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Neuro Oncol. 2006 Apr;8(2):183-8. Epub 2006 Mar 8.

High-dose chemotherapy with stem cell rescue as initial therapy for anaplastic oligodendroglioma: long-term follow-up.

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  • 1Department of Neurology, Memorial Sloan-Kettering Cancer Center, New York, NY 10021, USA. abreyl@mskcc.org

Abstract

We previously reported a phase 2 trial of 69 patients with newly diagnosed anaplastic or aggressive oligodendroglioma who were treated with intensive procarbazine, CCNU (lomustine), and vincristine (PCV) followed by high-dose thiotepa with autologous stem cell rescue. This report summarizes the long-term follow-up of the cohort of 39 patients who received high-dose thiotepa with autologous stem cell support. Thirty-nine patients with a median age of 43 (range, 18-67) and a median KPS of 100 (range, 70-100) were treated. Surviving patients now have a median follow-up of 80.5 months (range, 44-142). The median progression-free survival is 78 months, and median overall survival has not been reached. Eighteen patients (46%) have relapsed. Neither histology nor prior low-grade oligodendroglioma correlated with risk of relapse. Persistent nonenhancing tumor at transplant was identified in our initial report as a significant risk factor for relapse; however, long-term follow-up has not confirmed this finding. Long-term neurotoxicity has developed only in those patients whose disease relapsed and required additional therapy; no patient in continuous remission has developed a delayed neurologic injury. This treatment strategy affords long-term disease control to a subset of patients with newly diagnosed anaplastic oligodendroglioma without evidence of delayed neurotoxicity or myelodysplasia.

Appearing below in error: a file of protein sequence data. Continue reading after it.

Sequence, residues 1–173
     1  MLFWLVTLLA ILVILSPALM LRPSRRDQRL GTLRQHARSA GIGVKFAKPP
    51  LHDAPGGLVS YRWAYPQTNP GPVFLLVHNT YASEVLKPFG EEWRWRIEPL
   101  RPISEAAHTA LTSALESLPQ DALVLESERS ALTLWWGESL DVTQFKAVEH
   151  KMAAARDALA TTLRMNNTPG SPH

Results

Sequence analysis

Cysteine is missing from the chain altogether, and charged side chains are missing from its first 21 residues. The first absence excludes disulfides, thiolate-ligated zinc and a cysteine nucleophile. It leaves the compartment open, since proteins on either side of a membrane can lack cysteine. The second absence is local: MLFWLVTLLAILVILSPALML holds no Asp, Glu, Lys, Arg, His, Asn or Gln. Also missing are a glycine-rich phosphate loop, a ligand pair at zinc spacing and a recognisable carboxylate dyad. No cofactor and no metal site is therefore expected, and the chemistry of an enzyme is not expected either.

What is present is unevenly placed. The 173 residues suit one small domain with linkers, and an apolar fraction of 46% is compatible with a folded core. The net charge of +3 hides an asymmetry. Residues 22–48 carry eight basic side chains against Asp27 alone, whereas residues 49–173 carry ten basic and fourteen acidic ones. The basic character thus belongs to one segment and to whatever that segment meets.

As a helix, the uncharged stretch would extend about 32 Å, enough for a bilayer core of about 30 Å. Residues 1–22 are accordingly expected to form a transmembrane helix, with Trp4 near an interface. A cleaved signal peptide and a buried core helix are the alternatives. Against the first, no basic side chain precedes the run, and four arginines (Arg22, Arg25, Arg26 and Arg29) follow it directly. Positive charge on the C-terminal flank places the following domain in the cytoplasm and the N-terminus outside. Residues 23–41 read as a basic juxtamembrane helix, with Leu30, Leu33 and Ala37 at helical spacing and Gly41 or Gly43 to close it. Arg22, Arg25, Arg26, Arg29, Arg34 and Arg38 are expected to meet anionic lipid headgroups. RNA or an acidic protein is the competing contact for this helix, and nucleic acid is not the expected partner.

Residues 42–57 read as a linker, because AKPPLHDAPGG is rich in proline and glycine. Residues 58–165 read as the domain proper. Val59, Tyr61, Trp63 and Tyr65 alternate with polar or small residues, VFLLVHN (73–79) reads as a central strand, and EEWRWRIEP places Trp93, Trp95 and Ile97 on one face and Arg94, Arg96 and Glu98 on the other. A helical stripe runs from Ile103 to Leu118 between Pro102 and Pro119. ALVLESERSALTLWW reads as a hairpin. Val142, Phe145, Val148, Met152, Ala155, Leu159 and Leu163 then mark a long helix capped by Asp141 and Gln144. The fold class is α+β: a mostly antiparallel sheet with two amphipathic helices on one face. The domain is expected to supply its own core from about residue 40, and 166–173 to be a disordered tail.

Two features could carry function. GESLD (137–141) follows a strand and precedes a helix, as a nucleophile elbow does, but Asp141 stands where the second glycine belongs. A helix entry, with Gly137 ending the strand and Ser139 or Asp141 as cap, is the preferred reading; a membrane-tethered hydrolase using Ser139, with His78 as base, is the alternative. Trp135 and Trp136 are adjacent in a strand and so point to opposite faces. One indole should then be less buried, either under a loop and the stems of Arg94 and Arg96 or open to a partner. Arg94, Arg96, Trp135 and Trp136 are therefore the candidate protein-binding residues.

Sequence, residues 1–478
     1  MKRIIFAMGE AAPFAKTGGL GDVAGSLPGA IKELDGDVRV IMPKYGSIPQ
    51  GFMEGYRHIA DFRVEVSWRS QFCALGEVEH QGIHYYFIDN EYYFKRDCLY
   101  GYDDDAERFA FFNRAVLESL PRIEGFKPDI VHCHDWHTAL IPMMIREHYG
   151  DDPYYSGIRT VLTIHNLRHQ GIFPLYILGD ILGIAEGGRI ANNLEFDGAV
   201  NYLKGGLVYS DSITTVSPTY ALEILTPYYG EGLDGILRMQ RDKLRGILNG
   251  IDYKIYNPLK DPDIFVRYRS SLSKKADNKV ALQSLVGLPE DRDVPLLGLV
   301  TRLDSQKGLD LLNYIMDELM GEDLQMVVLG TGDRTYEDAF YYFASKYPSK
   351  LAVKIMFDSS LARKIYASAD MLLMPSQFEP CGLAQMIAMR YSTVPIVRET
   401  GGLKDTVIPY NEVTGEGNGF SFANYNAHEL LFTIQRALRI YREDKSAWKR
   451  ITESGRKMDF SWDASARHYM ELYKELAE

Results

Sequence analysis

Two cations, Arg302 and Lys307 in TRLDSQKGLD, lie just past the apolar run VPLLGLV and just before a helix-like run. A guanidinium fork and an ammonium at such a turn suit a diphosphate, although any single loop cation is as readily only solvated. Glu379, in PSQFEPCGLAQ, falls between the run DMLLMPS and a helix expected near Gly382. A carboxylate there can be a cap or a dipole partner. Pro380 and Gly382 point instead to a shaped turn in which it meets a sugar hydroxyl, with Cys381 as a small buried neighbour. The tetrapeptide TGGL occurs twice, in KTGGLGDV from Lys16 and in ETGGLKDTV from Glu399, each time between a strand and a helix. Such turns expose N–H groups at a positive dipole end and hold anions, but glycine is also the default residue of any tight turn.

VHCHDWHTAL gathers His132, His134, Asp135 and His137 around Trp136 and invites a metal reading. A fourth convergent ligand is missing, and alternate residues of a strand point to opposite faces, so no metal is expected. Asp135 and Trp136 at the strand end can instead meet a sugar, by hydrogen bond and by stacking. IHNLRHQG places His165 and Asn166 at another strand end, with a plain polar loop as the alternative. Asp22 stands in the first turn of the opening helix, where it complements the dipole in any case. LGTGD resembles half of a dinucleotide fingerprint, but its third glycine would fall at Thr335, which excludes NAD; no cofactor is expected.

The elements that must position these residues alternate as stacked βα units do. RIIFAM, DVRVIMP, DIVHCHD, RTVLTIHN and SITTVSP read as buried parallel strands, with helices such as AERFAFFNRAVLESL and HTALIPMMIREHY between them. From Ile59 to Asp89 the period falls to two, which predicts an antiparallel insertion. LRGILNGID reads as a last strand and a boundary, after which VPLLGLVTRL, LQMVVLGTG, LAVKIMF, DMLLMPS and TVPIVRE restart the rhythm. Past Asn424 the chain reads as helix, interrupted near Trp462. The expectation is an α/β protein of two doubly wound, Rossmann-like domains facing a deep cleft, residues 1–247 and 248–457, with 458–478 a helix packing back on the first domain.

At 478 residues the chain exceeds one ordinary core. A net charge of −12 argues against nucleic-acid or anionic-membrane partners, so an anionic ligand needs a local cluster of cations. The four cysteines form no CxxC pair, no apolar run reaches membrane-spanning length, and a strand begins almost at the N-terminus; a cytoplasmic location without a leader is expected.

PMID:
16524945
[PubMed - indexed for MEDLINE]
PMCID:
PMC1871935
Free PMC Article

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